Depending on the quality of the water heater that you chose and the maintenance routines followed by you, the average lifespan of a tanked water heater is between 9-12 years. That’s a ballpark. However, a lot of factors can affect it. The most important one of them all is maintenance.
If you have a tankless unit then it can last for twenty years or more.
Regular water heater maintenance is a very simple but time consuming task that is often put off by homeowners until the heater starts to show telltale signs of damage. This can either become so expensive that it will be a cheaper option to replace it altogether.
To fully understand the importance of frequent maintenance and how it can affect the lifespan of your water heater, let’s take a look at how heaters work.
The working of your heater
Your water heater has a tank that contains an anode rod which is designed to attract the sediments and the minerals found in the water. This prevents these impurities from settling on the bottom of the tank or on the inner walls of the tank. The impurities in water are highly corrosive and they continue to erode the anode rod over time. In a few years, the anode rod is completely eroded and this leaves your water tank open to corrosion. It starts with the tank lining and then the tank wall. The immediate result is leaking.
This happens irrespective of whether the water heater is gas powered or electric powered. So, if you have heard the myth that the power supply can affect the lifespan of your water heater, don’t believe in it.
Here are some of the factors that can affect how long your water heater will last.
The Quality of water— Your water heater tank holds water in it and this will cause corrosion. But there are other factors like the chlorine content, the amount of minerals, sediments and the pH levels in the water that can affect the corrosiveness. For this reason, it is common to find that the same model of a water heater installed in different locations have different average lifespans.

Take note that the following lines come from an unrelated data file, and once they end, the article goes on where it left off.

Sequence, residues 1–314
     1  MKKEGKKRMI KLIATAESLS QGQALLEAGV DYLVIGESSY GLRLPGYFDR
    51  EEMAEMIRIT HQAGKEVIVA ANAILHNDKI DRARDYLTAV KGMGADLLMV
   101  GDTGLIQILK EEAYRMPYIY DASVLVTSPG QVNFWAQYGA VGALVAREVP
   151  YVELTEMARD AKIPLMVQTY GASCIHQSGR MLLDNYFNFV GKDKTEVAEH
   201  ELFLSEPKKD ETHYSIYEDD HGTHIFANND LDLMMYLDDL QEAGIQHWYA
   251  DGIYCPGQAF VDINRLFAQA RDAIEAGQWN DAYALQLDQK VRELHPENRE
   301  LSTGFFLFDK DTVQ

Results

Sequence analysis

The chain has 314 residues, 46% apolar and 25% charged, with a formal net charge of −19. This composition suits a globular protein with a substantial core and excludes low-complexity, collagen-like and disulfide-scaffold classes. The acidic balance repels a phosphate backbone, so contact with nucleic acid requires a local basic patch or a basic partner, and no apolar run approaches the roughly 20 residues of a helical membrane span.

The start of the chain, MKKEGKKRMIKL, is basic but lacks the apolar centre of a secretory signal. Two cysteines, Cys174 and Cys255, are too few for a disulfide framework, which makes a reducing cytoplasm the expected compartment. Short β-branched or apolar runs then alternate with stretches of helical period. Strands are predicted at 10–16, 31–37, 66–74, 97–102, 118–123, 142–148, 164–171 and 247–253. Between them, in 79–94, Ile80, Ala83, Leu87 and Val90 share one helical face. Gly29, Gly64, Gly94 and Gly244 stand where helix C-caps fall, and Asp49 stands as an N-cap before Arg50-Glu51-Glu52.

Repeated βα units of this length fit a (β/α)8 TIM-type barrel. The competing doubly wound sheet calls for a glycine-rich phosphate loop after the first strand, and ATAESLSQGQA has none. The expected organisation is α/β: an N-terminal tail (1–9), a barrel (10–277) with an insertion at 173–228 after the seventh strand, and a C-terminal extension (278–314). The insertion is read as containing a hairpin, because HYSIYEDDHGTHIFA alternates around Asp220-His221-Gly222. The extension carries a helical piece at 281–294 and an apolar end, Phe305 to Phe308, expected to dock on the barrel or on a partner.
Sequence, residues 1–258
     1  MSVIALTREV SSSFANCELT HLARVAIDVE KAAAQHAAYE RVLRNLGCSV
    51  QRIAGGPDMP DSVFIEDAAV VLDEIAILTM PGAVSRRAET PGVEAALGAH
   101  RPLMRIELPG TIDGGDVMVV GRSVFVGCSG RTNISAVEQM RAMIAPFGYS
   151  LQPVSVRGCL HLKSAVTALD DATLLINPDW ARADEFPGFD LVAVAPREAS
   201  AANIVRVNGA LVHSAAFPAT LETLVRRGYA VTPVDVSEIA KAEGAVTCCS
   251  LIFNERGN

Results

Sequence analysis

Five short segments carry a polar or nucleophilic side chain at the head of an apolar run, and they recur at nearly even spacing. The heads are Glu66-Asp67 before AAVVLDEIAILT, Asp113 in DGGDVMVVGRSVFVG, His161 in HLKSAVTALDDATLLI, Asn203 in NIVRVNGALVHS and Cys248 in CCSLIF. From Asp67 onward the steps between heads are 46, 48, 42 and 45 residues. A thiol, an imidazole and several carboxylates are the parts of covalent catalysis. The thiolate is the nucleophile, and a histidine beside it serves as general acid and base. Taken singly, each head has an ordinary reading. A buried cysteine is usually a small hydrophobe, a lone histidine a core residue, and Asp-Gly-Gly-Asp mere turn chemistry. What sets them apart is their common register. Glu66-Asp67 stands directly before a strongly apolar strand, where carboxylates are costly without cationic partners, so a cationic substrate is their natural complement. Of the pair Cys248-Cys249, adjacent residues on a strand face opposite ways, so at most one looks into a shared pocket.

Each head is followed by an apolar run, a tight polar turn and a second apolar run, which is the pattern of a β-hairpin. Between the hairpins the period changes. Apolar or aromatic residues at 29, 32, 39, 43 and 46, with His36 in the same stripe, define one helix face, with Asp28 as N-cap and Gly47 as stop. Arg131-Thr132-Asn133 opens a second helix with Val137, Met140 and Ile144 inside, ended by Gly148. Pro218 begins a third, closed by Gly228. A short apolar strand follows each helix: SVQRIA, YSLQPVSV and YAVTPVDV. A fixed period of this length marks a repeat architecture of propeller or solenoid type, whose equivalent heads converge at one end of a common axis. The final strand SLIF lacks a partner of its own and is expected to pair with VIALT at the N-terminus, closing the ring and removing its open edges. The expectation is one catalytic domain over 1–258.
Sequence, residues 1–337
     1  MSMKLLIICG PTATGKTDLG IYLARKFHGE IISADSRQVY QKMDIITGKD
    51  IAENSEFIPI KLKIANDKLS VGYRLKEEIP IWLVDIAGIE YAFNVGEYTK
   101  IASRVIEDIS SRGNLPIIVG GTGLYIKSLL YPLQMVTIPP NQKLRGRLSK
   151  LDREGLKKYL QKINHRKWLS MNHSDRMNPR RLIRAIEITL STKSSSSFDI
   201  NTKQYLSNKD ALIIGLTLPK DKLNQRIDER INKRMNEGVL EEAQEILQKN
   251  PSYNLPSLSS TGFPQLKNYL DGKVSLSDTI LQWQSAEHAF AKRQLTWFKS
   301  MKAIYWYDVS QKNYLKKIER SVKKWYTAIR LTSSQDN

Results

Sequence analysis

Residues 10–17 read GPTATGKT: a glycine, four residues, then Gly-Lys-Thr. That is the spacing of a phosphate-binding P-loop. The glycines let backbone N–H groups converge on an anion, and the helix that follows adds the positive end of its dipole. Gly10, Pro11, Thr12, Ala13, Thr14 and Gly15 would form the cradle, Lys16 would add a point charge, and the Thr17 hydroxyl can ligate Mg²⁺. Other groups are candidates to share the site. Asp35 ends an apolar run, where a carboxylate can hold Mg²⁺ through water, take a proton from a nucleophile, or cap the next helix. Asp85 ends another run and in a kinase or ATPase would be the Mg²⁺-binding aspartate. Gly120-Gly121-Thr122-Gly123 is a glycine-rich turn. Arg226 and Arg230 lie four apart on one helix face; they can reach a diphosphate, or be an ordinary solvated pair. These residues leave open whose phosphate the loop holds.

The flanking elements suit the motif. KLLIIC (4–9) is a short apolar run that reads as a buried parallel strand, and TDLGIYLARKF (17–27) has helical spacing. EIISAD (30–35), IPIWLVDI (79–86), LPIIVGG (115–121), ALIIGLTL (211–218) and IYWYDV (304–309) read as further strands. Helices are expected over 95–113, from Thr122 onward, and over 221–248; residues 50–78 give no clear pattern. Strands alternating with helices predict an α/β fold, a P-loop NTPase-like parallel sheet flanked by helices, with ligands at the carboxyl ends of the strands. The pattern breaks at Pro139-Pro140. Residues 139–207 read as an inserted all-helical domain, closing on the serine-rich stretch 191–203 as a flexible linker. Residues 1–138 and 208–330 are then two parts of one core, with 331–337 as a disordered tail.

The Site of installation – Temperature fluctuations can increase the corrosion. If the water heater is located inside the house, then it is less likely to get corroded due to temperature fluctuations. On the other hand, an attic or a crawl space can be a harsh environment.
Maintenance – Without sounding like a broken record, a water heater without regular maintenance is prone to break down faster than you’d imagine.
Quality – You pay what you get for. If you pinch pennies, you will end up with a water heater that has a thin inner lining and a thinner anode rod which will erode faster.
Tips to extend the lifespan of your water heater
- Flush it annually to remove sediments in the tank
- Check it annually to see if you can spot any signs of corrosion on the outside
- Keep an eye out for signs of water heater problems. Some obvious signs are discoloration in the hot water flowing through faucets, a puddle of water near the base of the heater on the outside, a disgusting odor from the water, water is no longer as hot as it used to be.